MADRID: Spain’s government has said it will decide whether to suspend the frontrunner to lead the country’s soccer federation while it determines with world governing body FIFA how to reform an organisation mired in a corruption scandal.

Jose Manuel Rodriguez Uribes, president of the state-run Superior Council of Sport (CSD), told a parliamentary hearing he had called for a meeting of the CSD board after Spain’s sports tribunal TAD on Monday opened a case against Pedro Rocha and the RFEF’s leadership for “very serious misconduct” and a criminal court judge advanced a separate investigation over alleged corruption within the federation.

“I have conveyed to (FIFA) our concern and our determination to take every measure to ensure that a reputational crisis such as this can never happen again,” Uribes said in the hearing.

Spain is trying to turn the page on a series of scandals within the RFEF as it gears up to co-host the World Cup in 2030.

Rocha, who had been acting as the RFEF’s stand-in president and hoped to be anointed permanently in the next month, was placed under investigation by a judge last week after testifying as a witness in court. He was the sole candidate to succeed the disgraced former head Luis Rubiales.

The RFEF said in a statement the TAD case is not related to the corruption probe but rather whether the federation overstepped its duties after Rubiales resigned.

“All decisions have been taken with the utmost caution and respect, given the interim situation in which the institution found itself,” it said.

The RFEF’s leadership said the TAD proceedings lacked accuracy and rigour and that they reserved the right to take legal action.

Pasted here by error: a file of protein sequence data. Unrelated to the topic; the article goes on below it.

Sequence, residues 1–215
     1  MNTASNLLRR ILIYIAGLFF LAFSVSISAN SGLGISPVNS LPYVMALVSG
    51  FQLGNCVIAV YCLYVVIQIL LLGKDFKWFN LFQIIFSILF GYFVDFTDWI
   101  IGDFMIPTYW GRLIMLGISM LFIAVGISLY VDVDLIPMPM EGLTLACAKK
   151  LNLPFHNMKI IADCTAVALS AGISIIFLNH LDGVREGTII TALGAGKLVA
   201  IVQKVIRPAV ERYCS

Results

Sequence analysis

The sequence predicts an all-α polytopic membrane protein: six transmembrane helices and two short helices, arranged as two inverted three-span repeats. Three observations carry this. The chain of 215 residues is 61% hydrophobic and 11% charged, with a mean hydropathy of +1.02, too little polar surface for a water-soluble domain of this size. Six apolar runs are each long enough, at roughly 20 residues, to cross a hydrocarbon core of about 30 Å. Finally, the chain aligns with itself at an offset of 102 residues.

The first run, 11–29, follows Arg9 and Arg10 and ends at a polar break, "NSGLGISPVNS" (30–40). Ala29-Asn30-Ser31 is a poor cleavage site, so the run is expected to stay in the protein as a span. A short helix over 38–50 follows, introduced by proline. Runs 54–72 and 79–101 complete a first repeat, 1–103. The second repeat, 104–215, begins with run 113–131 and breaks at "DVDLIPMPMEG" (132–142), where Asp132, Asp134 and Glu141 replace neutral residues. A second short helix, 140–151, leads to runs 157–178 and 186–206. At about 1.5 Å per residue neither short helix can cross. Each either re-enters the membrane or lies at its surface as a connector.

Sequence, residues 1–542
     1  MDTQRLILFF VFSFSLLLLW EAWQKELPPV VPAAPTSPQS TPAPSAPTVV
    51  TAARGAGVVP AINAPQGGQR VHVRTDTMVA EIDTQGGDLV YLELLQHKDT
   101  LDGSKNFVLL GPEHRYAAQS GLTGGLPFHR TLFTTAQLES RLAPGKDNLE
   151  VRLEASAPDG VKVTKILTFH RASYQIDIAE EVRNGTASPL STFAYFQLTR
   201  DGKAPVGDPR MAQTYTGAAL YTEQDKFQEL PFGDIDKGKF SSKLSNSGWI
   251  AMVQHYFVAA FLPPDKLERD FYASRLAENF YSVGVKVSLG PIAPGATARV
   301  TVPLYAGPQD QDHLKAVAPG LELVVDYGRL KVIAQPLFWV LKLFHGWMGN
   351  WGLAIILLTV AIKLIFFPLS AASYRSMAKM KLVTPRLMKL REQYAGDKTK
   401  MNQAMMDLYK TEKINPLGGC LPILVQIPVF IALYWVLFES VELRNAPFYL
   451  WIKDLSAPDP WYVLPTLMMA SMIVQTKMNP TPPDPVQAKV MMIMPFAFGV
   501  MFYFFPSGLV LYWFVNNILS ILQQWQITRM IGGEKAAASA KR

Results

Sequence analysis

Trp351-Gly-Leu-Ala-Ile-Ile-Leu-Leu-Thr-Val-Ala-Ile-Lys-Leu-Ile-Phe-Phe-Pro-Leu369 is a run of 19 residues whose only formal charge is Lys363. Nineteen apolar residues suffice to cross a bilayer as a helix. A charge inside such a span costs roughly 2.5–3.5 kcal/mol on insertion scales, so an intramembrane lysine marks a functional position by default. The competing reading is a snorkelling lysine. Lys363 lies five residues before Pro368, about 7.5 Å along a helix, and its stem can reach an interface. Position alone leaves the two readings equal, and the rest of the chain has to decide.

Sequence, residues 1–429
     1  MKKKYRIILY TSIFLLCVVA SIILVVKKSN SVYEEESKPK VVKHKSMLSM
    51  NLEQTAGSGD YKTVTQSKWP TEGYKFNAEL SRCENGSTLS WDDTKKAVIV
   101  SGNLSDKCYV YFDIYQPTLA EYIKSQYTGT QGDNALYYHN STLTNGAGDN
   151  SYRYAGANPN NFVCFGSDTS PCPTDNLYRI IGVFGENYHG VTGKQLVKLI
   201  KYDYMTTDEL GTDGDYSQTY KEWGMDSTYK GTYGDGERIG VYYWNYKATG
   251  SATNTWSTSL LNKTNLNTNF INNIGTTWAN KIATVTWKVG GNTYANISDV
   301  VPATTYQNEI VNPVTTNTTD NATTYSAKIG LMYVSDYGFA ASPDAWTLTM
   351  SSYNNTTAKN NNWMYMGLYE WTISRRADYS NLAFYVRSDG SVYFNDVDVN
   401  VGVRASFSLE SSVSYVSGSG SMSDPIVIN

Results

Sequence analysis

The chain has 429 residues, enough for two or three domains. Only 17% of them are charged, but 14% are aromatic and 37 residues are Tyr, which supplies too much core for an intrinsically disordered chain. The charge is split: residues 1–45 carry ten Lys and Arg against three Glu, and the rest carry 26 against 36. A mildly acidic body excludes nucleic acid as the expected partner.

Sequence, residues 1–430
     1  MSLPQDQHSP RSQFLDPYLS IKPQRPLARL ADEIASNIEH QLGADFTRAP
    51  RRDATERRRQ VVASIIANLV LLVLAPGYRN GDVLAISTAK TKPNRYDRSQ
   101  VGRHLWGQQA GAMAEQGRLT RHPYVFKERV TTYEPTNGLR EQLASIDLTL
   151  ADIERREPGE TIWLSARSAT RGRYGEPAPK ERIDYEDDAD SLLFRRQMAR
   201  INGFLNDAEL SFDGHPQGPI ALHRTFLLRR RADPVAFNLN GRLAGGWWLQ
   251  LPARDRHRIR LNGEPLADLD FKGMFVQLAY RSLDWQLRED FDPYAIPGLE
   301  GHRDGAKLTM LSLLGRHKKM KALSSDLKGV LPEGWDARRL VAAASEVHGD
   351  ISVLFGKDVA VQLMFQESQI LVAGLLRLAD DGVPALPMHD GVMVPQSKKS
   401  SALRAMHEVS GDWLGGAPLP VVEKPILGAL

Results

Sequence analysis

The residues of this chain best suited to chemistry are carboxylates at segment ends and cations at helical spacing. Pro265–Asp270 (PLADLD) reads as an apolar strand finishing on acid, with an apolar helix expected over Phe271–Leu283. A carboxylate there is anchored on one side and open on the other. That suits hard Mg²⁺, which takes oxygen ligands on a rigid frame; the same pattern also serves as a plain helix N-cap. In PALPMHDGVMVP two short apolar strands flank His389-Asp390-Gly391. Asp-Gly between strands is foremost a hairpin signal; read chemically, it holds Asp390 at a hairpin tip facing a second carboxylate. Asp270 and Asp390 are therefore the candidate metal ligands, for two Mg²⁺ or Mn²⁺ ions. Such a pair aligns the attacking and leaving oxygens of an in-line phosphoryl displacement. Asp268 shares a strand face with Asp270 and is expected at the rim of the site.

Rubiales and colleagues have been under investigation since June 2022 over potential malfeasance for a deal with former Barcelona player Gerard Pique’s Kosmos firm to relocate the Spanish Super Cup to Saudi Arabia in a deal worth a reported 120 million euros ($129 million).

Rocha was vice president of the federation under Rubiales and head of the financial board when the RFEF signed the Saudi Super Cup deal.

Rocha’s office said in a statement the irregularities in TAD’s case would be challenged.

“The accusation, which is totally surprising and defies all logic and legal sense, is that he has exceeded the powers conferred on him with regard to a series of decisions that he had to take as acting president for the good of the game,” his office said.

Last month, police searched the RFEF and two executives were fired, prompting FIFA and its European counterpart UEFA to request a detailed update on the corruption probe.

Uribes said the government was working to reform its sports laws and create a sanctioning system as well as appointing an ethics committee and an ombudsman to represent sportspersons’ rights.